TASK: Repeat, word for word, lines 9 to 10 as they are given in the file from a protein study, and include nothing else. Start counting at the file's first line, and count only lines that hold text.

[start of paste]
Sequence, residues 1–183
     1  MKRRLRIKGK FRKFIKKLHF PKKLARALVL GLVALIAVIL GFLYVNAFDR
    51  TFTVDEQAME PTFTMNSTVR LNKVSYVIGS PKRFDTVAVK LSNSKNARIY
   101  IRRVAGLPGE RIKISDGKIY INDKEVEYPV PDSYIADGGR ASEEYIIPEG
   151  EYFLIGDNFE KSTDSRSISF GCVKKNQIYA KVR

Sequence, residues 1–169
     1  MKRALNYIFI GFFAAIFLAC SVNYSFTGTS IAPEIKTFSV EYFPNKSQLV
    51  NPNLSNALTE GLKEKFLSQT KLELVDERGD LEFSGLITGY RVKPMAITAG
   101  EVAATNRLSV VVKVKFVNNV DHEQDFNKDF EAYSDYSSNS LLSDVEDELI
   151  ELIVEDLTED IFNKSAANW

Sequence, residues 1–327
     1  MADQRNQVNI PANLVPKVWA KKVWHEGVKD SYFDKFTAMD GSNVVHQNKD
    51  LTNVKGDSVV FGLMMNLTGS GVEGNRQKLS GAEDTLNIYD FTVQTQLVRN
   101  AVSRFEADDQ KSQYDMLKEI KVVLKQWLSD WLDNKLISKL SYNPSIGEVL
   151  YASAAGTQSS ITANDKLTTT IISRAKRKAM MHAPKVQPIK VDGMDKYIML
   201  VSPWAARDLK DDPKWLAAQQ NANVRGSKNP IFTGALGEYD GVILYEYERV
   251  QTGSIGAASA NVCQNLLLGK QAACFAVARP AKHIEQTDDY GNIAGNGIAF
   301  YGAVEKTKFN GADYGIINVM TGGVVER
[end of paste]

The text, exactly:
   101  EVAATNRLSV VVKVKFVNNV DHEQDFNKDF EAYSDYSSNS LLSDVEDELI
   151  ELIVEDLTED IFNKSAANW